We need to be aware. When I say we, I mean all of us. We don’t need to be professionals, but we need to know enough that we can recognise when we or someone else needs help. 

12: It ends leaving the viewers with a similar sense of “what now?”

The show ends with many loose ends. The viewer is left thinking “is that it?!” Of everything that this show does, this is my favorite by far because that is exactly how you are left to feel when someone you love goes out this way. You don’t get an explanation, you don’t get to know what happens next. Their life just finishes and that’s it. You spend the rest of yours wondering. Not knowing. You want answers more than anything but the person who can give them to you, isn’t there.

13: It brings suicide to the forefront

Gets people talking about it. Even if it is to criticise the series. People are still talking, still hearing and still watching. 

What 13 Reasons Why got wrong
I understand that it’s a show and not an educational story about teen suicide, but nevertheless, people will watch and take away from it as they always do.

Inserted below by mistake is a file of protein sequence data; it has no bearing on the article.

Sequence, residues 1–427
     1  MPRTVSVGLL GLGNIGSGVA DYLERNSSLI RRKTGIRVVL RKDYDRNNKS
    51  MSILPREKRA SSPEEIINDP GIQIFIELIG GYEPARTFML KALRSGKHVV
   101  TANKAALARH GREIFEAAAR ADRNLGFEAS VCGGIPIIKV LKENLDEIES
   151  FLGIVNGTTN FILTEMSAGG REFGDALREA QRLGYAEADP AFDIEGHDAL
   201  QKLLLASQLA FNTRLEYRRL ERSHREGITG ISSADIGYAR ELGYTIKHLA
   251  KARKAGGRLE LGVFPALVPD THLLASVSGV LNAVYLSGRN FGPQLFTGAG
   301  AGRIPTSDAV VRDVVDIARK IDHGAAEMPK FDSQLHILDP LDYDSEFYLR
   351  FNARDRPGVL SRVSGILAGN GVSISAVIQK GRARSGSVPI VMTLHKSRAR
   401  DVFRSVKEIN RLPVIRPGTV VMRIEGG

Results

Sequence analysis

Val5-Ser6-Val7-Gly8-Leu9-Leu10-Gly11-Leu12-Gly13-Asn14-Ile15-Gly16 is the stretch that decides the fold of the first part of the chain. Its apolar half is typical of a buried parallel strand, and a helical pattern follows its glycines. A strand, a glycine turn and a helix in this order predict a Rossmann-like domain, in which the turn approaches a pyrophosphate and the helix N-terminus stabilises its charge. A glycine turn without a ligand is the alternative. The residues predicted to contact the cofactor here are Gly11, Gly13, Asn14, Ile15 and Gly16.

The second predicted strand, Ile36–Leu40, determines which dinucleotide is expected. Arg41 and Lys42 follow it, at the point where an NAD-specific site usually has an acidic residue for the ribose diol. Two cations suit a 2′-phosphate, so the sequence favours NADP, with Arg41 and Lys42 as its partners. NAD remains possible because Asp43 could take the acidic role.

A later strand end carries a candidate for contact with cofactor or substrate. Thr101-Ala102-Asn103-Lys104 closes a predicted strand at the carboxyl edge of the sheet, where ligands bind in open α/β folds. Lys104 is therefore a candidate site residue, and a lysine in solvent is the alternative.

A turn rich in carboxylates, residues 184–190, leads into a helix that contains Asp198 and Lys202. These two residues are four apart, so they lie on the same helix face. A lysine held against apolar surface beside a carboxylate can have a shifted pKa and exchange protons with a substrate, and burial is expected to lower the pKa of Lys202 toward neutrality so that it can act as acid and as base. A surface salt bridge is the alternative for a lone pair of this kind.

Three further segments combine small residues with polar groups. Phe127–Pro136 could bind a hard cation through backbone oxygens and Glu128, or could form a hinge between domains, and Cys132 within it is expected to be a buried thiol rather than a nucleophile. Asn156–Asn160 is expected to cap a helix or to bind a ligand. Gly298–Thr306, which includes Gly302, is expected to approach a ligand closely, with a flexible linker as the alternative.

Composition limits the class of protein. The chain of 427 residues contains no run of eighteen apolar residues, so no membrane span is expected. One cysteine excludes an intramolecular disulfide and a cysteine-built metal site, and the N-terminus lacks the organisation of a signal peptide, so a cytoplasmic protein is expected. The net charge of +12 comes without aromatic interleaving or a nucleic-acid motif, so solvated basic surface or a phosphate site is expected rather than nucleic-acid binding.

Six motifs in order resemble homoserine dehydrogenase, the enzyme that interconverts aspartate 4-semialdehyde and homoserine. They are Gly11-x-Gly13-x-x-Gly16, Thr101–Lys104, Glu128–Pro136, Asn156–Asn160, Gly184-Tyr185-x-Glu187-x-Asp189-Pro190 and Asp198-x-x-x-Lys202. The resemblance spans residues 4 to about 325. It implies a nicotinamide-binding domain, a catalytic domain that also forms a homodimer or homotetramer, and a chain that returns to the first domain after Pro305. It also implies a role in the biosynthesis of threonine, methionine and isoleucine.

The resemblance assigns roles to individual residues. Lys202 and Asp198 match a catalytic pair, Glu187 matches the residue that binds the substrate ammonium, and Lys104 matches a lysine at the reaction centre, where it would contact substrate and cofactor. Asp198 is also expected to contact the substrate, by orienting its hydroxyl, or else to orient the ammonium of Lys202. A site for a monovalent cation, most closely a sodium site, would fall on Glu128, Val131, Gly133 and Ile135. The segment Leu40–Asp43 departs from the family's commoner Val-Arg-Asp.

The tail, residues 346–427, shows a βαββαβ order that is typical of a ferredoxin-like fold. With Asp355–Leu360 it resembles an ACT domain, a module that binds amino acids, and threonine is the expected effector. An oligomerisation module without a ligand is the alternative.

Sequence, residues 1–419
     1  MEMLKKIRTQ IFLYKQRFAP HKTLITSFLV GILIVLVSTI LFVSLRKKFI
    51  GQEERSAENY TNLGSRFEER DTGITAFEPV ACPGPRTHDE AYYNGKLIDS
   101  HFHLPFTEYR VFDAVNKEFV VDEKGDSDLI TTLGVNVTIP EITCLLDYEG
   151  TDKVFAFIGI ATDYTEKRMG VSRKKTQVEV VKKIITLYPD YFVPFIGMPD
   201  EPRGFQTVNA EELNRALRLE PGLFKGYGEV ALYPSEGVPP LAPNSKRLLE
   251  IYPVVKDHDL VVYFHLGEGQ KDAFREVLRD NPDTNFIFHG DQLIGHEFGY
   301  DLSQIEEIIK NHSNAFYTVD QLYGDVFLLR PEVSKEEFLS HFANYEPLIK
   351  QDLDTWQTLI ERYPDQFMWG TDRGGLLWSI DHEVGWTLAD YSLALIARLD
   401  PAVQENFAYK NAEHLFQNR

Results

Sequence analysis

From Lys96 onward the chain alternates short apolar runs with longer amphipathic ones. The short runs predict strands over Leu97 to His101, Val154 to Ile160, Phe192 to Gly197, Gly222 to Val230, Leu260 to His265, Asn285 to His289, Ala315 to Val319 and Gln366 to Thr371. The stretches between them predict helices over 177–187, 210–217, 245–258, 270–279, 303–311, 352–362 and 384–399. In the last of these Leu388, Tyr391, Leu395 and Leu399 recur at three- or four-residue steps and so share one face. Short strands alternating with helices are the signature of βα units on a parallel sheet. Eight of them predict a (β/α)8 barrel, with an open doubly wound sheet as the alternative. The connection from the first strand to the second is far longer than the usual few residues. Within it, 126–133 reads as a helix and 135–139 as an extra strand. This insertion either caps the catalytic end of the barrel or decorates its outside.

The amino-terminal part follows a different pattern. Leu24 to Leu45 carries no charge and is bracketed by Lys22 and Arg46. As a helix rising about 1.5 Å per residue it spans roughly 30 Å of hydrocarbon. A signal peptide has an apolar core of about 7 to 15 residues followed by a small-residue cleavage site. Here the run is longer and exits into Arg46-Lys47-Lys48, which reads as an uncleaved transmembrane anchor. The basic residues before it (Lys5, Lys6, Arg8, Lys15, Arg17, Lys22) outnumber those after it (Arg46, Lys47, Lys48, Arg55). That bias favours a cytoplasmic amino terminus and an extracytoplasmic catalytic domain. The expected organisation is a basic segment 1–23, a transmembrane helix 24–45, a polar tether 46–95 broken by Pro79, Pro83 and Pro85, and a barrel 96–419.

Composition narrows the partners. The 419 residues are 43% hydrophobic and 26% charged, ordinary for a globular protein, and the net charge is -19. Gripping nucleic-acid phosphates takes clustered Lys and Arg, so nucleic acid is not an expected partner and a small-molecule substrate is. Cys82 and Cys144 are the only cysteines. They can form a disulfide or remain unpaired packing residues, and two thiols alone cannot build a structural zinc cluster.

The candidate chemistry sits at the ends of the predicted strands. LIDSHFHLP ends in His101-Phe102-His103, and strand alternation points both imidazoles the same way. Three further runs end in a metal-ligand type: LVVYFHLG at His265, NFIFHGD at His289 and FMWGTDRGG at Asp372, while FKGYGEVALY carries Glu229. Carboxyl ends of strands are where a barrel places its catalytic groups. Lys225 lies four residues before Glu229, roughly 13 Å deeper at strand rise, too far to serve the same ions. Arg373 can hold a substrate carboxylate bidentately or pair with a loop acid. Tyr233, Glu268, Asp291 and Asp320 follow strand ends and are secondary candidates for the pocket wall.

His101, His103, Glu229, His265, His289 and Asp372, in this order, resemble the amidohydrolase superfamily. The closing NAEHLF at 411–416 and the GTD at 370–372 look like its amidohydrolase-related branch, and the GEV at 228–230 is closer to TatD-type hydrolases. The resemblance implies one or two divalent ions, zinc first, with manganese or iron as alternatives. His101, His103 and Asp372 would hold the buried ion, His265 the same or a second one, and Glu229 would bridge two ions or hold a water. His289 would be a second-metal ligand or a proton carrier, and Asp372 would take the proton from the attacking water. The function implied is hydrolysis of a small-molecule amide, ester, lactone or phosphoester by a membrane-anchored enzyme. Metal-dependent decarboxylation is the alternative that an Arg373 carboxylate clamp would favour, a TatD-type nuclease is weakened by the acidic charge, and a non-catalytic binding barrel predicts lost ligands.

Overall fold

Although this is so, so, so accurate, I don’t like how the series is centred around the blame game. I know that when something like this happens, you think of everything you could have done to stop it, everything you might have done to cause it and everything everyone else did or didn’t do.

What I don’t like about the show is that Hannah places blame. The other characters blame themselves and others as well, but Hannah, in most cases puts the blame on them. 

Now these other characters may have played a part in causing Hannah to feel alone, abandoned, ashamed and hurt, but they didn’t cause her to die. Hannah chose that. It was her choice. This is mentioned a few times throughout the series, but not by Hannah and blaming others for a choice that was your own isn’t right.